Would the spirit of the Declaration of Independence have been any different if it referred to Americans as "subjects" instead of "citizens?"
Thomas Jefferson apparently thought so, and recent analysis of a rough draft of the Declaration has confirmed speculation that he considered both before settling on "citizens."
Recent hyperspectral imaging by scientists in the Library of Congress' Preservation Research and Testing Division performed on Jefferson’s rough draft shows he originally wrote the phrase "our fellow subjects." But he apparently changed his mind and heavily scrawled over the word "subjects" was the word "citizens."
"The correction seems to illuminate an important moment for Jefferson and for a nation on the eve of breaking from monarchical rule - a moment when he reconsidered his choice of words and articulated the recognition that the people of the fledgling United States of America were no longer subjects of any nation, but citizens of an emerging democracy," the Library of Congress said.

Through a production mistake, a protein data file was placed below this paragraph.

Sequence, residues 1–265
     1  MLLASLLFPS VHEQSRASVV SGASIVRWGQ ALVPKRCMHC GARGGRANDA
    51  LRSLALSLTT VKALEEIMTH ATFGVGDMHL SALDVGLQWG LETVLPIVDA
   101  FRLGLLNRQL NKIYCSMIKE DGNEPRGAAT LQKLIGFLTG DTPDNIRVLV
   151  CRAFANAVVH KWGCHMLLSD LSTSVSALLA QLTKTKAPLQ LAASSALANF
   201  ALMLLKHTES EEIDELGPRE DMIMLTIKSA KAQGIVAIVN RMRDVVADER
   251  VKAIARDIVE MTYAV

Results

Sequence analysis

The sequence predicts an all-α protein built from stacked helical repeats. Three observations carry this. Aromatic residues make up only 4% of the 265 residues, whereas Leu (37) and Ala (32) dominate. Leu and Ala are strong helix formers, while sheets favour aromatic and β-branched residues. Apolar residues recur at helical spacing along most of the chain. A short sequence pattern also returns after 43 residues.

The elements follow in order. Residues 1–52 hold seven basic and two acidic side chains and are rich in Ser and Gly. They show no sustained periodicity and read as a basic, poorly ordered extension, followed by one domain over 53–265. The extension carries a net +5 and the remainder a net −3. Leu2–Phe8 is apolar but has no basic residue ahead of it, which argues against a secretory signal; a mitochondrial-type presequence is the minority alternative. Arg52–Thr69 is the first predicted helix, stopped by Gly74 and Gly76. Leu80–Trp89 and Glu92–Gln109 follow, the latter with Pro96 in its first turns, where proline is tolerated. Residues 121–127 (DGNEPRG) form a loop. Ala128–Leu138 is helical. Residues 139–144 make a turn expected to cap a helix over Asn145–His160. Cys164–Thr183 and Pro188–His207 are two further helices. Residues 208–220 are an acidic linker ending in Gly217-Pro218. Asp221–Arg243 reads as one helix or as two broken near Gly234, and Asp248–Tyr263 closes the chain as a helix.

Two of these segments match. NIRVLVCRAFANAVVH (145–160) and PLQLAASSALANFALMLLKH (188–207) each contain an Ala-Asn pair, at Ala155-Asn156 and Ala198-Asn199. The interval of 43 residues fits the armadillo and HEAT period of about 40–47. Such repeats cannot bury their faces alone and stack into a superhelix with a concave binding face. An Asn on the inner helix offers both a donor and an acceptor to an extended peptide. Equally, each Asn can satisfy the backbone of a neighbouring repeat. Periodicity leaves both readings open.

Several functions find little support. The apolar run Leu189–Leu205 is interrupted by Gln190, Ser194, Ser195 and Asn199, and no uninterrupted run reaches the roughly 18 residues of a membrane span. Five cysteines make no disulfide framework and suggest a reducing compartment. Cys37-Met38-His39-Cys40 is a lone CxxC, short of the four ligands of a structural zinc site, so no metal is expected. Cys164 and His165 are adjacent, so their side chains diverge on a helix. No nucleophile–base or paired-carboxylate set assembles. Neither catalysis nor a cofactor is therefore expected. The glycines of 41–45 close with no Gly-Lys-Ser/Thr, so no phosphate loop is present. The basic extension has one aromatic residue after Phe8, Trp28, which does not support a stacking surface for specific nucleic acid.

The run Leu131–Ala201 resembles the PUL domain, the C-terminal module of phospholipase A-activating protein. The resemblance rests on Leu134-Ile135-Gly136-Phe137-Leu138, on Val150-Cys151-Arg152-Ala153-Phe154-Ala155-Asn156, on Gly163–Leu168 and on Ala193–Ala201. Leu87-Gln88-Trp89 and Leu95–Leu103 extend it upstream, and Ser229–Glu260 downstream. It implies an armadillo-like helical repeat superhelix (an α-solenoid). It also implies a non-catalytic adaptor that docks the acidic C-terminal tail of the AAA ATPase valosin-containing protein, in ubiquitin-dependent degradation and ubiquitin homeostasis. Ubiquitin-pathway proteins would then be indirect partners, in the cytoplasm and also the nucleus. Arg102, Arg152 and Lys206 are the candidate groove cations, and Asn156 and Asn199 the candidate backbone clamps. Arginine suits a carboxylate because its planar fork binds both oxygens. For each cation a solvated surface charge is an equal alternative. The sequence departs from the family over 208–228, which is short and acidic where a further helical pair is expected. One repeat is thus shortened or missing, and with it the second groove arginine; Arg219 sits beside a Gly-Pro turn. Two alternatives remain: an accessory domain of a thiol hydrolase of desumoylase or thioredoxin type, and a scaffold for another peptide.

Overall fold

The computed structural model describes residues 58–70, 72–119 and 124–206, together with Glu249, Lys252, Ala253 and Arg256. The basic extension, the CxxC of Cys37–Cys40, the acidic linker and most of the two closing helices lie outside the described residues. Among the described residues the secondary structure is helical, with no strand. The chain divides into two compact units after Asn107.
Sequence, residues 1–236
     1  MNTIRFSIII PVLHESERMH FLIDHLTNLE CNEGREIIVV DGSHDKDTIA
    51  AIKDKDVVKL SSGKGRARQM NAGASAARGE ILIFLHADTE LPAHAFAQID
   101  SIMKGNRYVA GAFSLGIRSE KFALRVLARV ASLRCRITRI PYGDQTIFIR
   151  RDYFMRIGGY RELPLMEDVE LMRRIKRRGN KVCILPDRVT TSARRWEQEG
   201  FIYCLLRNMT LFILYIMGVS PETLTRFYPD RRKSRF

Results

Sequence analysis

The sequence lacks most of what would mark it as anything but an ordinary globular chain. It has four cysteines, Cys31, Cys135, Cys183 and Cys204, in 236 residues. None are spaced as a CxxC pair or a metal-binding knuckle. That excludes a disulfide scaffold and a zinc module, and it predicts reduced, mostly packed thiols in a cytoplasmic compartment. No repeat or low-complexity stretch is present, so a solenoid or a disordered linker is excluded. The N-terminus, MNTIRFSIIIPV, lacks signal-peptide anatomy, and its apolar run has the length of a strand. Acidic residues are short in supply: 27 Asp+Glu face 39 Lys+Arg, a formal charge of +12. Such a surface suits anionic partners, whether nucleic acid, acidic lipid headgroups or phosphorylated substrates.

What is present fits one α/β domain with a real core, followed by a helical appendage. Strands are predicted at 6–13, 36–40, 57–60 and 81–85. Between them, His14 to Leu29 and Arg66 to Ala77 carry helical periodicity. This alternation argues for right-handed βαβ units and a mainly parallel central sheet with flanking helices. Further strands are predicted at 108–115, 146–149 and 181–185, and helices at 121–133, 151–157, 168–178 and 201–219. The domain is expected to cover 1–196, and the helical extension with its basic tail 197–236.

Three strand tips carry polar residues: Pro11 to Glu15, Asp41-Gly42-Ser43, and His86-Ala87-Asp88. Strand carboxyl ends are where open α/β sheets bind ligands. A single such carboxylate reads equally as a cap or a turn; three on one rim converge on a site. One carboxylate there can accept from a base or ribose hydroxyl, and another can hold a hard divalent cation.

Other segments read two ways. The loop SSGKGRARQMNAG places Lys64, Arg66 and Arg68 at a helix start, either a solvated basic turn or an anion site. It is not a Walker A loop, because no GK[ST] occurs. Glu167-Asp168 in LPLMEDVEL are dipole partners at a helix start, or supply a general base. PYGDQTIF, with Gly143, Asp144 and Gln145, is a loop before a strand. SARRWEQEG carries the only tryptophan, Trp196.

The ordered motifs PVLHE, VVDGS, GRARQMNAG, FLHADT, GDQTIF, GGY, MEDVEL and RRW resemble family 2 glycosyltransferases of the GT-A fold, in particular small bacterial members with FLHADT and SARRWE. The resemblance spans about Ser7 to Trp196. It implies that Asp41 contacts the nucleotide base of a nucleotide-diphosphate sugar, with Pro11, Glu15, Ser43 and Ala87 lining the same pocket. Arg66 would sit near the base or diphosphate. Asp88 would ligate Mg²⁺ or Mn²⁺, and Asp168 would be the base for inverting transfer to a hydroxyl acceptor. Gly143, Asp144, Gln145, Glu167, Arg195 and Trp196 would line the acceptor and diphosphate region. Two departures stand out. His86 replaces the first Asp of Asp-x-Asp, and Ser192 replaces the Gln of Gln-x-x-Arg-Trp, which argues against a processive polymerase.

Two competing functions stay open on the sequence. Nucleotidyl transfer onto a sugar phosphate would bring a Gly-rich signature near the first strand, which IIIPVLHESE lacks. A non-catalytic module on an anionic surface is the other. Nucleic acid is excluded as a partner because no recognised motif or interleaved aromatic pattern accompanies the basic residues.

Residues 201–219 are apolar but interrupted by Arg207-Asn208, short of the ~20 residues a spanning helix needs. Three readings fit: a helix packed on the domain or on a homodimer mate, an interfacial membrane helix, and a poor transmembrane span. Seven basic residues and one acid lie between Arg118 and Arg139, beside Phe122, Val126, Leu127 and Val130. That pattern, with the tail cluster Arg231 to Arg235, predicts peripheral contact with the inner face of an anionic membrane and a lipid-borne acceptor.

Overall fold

Hyperspectral imaging is the process of taking digital photos of an object using distinct portions of the visible and non-visible light spectrum, revealing what previously could not be seen by the human eye, according to the Library of Congress.
The correction occurs in the portion of the declaration that deals with U.S. grievances against King George III's incitement of "treasonable insurrections," according to the Library of Congress. The specific sentence is is not in the final draft, but a similar phrase stuck, and the word "citizens" is used elsewhere in the final document.
The word correction has been suspected for some time by scholars, according to the LOC. In "The Papers of Thomas Jefferson, Volume 1: 1760-1776," Julian P. Boyd wrote "TJ originally wrote ‘fellow-subjects,’ copying the term from the corresponding passage in the first page of the First Draft of the Virginia Constitution; then, while the ink was still wet on the ‘Rough draught’ he expunged or erased ‘subjects’ and wrote ‘citizens’ over it."